The move to diesel, an area in which European car manufacturers have always had an advantage over their America and Japanese rivals, was strongly encouraged by policy makers through tax incentives and environmental regulations at both the national and the European level. There was a perception that, although diesel was known to have a bigger impact on air quality than petrol, it produced fewer carbon emissions and a switch to diesel would help slow climate change.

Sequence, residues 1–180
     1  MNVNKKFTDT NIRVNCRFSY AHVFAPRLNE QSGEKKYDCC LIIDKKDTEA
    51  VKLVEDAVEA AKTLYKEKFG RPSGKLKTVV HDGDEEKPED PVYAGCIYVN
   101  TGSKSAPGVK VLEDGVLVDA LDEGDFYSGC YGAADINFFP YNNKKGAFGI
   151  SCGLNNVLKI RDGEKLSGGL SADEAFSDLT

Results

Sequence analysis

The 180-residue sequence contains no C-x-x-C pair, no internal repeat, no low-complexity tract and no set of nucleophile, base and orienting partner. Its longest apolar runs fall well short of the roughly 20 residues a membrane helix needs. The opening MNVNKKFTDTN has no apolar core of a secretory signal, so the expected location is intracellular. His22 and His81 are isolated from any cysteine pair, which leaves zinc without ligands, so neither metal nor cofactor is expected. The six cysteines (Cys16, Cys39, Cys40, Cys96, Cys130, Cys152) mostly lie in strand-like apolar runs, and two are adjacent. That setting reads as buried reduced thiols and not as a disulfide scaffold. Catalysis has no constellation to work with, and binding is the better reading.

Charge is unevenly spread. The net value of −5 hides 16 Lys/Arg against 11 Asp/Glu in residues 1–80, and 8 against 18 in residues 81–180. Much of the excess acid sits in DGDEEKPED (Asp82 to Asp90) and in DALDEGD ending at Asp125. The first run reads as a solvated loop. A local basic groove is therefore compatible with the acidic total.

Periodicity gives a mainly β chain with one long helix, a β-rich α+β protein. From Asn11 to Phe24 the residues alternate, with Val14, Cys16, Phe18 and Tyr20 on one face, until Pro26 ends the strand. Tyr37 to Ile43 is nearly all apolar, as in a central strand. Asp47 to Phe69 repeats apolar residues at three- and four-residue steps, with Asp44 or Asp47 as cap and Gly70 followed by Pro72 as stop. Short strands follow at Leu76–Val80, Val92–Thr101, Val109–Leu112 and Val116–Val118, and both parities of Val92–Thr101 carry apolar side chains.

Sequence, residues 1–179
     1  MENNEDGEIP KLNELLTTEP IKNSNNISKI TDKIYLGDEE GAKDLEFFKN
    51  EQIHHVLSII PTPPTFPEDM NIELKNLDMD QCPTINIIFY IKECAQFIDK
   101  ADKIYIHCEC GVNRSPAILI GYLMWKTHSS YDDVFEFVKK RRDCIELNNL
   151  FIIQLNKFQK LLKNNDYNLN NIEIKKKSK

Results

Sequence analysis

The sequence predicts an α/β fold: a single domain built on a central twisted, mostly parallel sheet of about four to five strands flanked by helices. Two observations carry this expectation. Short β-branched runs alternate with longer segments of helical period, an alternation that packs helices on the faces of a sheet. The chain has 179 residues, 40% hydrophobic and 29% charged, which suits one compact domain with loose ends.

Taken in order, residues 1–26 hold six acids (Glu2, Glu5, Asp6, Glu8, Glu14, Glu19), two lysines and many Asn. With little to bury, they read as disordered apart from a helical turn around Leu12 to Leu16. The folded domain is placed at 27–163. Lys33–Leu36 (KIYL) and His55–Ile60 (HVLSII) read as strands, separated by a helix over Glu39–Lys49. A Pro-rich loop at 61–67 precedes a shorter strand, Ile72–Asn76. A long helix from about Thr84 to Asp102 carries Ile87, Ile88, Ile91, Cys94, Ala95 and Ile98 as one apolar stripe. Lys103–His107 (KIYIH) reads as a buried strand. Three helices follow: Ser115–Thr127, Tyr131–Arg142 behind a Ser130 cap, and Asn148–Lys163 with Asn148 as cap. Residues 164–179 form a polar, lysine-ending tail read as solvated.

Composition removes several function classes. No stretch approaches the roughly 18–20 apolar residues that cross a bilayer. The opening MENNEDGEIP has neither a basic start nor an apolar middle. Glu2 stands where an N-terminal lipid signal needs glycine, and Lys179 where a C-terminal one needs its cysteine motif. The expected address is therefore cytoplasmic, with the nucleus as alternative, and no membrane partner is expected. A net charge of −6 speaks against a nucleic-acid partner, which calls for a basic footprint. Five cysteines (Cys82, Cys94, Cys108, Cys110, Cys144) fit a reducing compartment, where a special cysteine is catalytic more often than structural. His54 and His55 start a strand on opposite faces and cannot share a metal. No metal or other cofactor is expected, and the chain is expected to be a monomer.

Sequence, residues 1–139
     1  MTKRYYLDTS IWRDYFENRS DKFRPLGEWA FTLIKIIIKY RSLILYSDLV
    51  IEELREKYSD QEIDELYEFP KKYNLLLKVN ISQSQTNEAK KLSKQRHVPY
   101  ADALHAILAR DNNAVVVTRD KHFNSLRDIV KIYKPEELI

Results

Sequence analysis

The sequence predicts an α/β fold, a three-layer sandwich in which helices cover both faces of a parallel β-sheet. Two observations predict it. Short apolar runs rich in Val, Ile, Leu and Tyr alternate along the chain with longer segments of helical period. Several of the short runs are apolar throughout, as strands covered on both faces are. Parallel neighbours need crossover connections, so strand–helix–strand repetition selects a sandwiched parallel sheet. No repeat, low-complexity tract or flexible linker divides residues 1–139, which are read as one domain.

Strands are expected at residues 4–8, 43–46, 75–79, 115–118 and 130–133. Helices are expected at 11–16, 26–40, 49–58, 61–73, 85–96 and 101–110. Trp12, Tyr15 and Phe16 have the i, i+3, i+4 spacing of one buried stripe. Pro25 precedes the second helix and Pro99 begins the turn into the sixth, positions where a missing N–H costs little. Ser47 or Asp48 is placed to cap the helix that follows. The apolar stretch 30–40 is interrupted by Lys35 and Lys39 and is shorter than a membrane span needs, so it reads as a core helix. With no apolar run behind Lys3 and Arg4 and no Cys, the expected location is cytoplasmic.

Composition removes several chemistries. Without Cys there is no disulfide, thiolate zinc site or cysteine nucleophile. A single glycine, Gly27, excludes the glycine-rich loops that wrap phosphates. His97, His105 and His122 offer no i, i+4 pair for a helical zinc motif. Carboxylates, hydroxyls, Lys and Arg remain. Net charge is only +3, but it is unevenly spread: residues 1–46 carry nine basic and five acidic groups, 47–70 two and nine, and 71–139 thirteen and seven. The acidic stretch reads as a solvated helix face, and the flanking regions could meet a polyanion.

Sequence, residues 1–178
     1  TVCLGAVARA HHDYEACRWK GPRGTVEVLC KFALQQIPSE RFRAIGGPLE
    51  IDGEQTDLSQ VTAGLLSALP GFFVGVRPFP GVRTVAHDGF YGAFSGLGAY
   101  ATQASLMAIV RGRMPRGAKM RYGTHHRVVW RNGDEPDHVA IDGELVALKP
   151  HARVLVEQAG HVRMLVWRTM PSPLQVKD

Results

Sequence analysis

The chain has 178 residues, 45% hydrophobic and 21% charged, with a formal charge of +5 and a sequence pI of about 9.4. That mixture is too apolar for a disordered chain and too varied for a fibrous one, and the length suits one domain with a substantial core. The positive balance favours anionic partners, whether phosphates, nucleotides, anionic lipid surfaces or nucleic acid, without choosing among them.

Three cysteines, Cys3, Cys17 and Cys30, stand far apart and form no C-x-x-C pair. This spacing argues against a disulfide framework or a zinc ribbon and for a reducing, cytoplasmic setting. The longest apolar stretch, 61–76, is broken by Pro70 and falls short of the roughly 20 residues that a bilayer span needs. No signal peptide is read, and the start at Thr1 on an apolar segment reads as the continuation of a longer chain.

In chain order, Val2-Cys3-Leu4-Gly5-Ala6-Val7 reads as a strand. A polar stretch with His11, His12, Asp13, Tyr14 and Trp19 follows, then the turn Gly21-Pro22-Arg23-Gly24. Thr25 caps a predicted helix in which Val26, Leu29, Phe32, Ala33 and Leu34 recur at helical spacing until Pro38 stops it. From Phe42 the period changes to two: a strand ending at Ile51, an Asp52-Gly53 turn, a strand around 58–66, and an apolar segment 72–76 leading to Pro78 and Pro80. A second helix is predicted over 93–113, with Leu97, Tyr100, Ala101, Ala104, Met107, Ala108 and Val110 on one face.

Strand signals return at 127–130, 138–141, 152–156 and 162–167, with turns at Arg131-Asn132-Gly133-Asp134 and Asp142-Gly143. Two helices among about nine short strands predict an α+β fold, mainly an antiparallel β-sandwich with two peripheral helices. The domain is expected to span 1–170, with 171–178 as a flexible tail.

Since then three things have fundamentally changed. Advances in hybrid and electronic cars have produced a form of mass transport which avoids a trade-off between climate change and air quality, the emissions scandal has shown that this trade off may have always been worse than assumed, and there has been a growing recognition that increased NOX levels from diesel vehicles are creating what has been called a public health emergency. In the UK alone, air pollution is contributing to 40,000 to 52,000 premature deaths annually.
This is the background to a new policy report produced for Green Budget Europe (GBE), the campaigning organisation fighting to shift taxation away from labour and on to pollution both in Britain and in Europe. It was launched at a roundtable assembled by Prospect in collaboration with GBE.